Lessons in friendship – The old-fashioned way
Blurb: We like to think that as new-generation parents we are more aware and well-read and way more cued in to our kids than our parents ever were. Yet somehow they managed to do a better job of imparting values of love and friendship, seemingly effortlessly. Maybe it is time to pick a few lessons from the past.
Once upon a time when I was a child…
On a lazy Sunday, a game of cricket was underway in one of the gullies of an old Indian city. The lane was narrow with single and double storied houses rising up on either side but that did nothing to take away from the passion for the game. The batsman, all of ten, lifted the ball hitting a glorious six. A glass shattered somewhere and almost simultaneously a fight broke out between the two teams. “Anything beyond the yellow building was out. That’s what had been decided,” said the enraged baller. The batsman, still preening from his shot would have none of that. Within minutes the two were on the ground rolling in the mud.
First to reach the scene was a very angry Gupta ji. His pristine white Lucknowi kurta had an ugly yellow stain running down its front from the aloo tamatar ki sabzi that had splattered on it as a shard of glass landed in his bowl along with the offending ball. Gupta ji’s brunch was quite ruined.
The other was Tandon saab – the father of the baller.
The two separated the boys. While Tandon saab grabbed the batsman’s ear, Gupta ji gave one hearty smack to the baller, who ran off as fast as he could. The batsman wasn’t so fortunate and was pulled along to be presented to Sharma ji, his father. If the young boy was expecting sympathy he was out of luck. His parent landed yet another whack on his head, confiscated his bat and sentenced him to his study table for the day.
Meanwhile Tandon saab and Gupta ji were invited for a cup of tea. As the three tucked into hot samosas from Chhotelal’s shop across the corner, Tandon saab remarked with a twinkle in his eye, “Remember our game of gilli danda – that time when you hit amma’s precious pickle jar?’ The three burst out laughing. ‘Jars!’ corrected Sharma ji, rather proudly, “Three of them in a row. It runs in the family,’ he chuckled, “My back still hurts some days from where babuji‘s stick had landed.” After many more laughs and cups of tea the two complainants departed. “I’ll look into that glass,” assured Sharma ji. “Don’t bother. You still owe Tandon for the pickle jars. I’ll add it to the account,” laughed his friend and added, “Don’t be too hard on the boy. He’s a good lad”.
Next Sunday the boys were at it again – breaking windows, splattering subzis, getting their ears boxed.
On to more recent times…
It’s another lazy Sunday. Another game of cricket is underway in a gated society. The wickets stand on a narrow stretch of asphalt between perfectly-manicured gardens and closely spaced parking lots. Shouts can be heard from the two teams – by turns heckling and encouraging. A ball rises up in a six and smashes into a car. An argument breaks out among the players ‘It’s a six,’ says one of the boys, ‘Out,’ says the other. The heated exchange is followed with a punch or two. Soon all that can be seen is a melee of hands and legs and no one can tell who is who.
A few people see the boys fighting. They shake their heads, let out a sigh and go their ways busy with their days’ chores. Some parents come rushing down. “Stop, stop you boys, stop right there you big bullies,” says one of the moms pulling out her son and turning the full force of her anger onto the others, letting loose a vicious diatribe.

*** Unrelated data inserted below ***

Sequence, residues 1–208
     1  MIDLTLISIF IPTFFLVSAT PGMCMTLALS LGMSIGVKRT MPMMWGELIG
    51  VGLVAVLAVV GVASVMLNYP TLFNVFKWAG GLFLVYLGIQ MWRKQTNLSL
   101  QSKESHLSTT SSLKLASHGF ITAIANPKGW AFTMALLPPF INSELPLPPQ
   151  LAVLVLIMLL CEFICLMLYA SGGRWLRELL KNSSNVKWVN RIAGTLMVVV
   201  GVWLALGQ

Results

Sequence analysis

The car owner enters the fray. “You have no business playing here. It’s a bloody nuisance,” says he, “You touch my car again and I’ll make sure each one of you is prosecuted.”
The two then walk off to the chief offender’s house with their complaints. They are met by a parent who matches them – accusation for accusation. “You have to pay for the dent,” says the car owner. “Tell your son to stay away from mine. I’ll report him, I’m telling you,” threatens the mom. Angry words flow back and forth till the two walk off fuming.
That evening one of the boys asks his dad, “Papa what does ‘prosecute’ mean?
“You just stay away from that boy, that’s all.”
“But he’s the one who has the best bat,” said the son.
“I’ll get you a new one, just stay away from him,” replied the dad.
Next day the boys eye each other warily. Even as one of them brandishes his new bat and the other shows off his new set of balls, the game has lost its fun.
It was better, perhaps…
When kids weren’t mine or yours, they were simply ‘apne mohalle ke bachche‘.
When your parents were least likely to take your side.
When any adult could box the ears of any child without worrying about his/her parents’ reaction.
When a child wasn’t branded a bully because of a playground scuffle.
When the bats were old and the balls were scuffed but friendships never lost their sheen.
When bonds forged fighting over goals and wickets and strengthened over cups of tea grew into lifelong relationships.
When kids’ fights were looked upon as just that – kids’ fights.
When kids were kids and adults were adults.
Tulika is a journalist turned stay-at-home-mum to twins. Freelancer, writer, book lover, fitness junkie, amateur photographer and DIYer. Wannabe cook and gardener. Amidst all of that she finds time to run a fun weekly Book Club for kids. If she had one wish she’d ask for 50 hours in a day. At least. Join her on her parenting journey at www.obsessivemom.blogspot.com or find her sharing her book love at www.beataboutthebook.wordpress.com.